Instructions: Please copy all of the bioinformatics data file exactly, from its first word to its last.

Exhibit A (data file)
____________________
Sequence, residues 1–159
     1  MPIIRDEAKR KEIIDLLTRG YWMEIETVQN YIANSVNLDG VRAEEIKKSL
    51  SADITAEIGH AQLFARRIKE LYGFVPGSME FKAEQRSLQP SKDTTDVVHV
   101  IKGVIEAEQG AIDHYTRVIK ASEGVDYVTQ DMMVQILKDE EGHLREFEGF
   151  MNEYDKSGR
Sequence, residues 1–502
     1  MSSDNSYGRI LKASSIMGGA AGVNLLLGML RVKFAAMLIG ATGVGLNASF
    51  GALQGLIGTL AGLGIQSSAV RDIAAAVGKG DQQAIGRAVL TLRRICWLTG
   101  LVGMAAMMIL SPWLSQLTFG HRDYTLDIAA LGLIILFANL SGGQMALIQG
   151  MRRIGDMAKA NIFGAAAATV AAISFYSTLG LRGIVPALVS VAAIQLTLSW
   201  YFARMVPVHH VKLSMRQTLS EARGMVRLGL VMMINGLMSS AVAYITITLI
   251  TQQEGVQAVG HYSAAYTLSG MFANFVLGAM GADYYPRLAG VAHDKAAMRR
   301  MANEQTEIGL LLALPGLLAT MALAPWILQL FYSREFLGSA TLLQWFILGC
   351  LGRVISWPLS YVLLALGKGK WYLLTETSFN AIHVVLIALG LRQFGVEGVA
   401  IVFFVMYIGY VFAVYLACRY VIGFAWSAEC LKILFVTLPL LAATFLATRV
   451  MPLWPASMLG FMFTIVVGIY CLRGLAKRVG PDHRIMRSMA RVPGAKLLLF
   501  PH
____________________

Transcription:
Sequence, residues 1–159
     1  MPIIRDEAKR KEIIDLLTRG YWMEIETVQN YIANSVNLDG VRAEEIKKSL
    51  SADITAEIGH AQLFARRIKE LYGFVPGSME FKAEQRSLQP SKDTTDVVHV
   101  IKGVIEAEQG AIDHYTRVIK ASEGVDYVTQ DMMVQILKDE EGHLREFEGF
   151  MNEYDKSGR
Sequence, residues 1–502
     1  MSSDNSYGRI LKASSIMGGA AGVNLLLGML RVKFAAMLIG ATGVGLNASF
    51  GALQGLIGTL AGLGIQSSAV RDIAAAVGKG DQQAIGRAVL TLRRICWLTG
   101  LVGMAAMMIL SPWLSQLTFG HRDYTLDIAA LGLIILFANL SGGQMALIQG
   151  MRRIGDMAKA NIFGAAAATV AAISFYSTLG LRGIVPALVS VAAIQLTLSW
   201  YFARMVPVHH VKLSMRQTLS EARGMVRLGL VMMINGLMSS AVAYITITLI
   251  TQQEGVQAVG HYSAAYTLSG MFANFVLGAM GADYYPRLAG VAHDKAAMRR
   301  MANEQTEIGL LLALPGLLAT MALAPWILQL FYSREFLGSA TLLQWFILGC
   351  LGRVISWPLS YVLLALGKGK WYLLTETSFN AIHVVLIALG LRQFGVEGVA
   401  IVFFVMYIGY VFAVYLACRY VIGFAWSAEC LKILFVTLPL LAATFLATRV
   451  MPLWPASMLG FMFTIVVGIY CLRGLAKRVG PDHRIMRSMA RVPGAKLLLF
   501  PH